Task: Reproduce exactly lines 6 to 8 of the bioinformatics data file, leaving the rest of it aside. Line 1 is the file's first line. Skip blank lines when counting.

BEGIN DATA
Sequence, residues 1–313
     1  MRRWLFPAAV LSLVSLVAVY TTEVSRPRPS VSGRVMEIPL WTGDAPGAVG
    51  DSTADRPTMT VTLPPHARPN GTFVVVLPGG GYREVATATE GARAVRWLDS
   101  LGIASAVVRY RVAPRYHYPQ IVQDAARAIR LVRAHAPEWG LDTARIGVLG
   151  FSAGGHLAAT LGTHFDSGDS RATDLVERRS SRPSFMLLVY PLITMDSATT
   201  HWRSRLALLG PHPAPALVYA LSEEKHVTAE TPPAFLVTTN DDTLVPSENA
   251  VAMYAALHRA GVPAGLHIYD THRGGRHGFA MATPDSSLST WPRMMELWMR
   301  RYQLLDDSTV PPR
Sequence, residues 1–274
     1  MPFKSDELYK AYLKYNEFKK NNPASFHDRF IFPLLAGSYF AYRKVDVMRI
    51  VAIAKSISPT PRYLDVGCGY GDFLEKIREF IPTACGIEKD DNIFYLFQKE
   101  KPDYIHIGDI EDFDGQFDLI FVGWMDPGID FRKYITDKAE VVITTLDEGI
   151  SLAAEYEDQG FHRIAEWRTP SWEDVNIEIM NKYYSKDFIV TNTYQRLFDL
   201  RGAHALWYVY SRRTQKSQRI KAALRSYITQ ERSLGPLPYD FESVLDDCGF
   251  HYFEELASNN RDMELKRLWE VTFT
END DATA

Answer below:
   201  HWRSRLALLG PHPAPALVYA LSEEKHVTAE TPPAFLVTTN DDTLVPSENA
   251  VAMYAALHRA GVPAGLHIYD THRGGRHGFA MATPDSSLST WPRMMELWMR
   301  RYQLLDDSTV PPR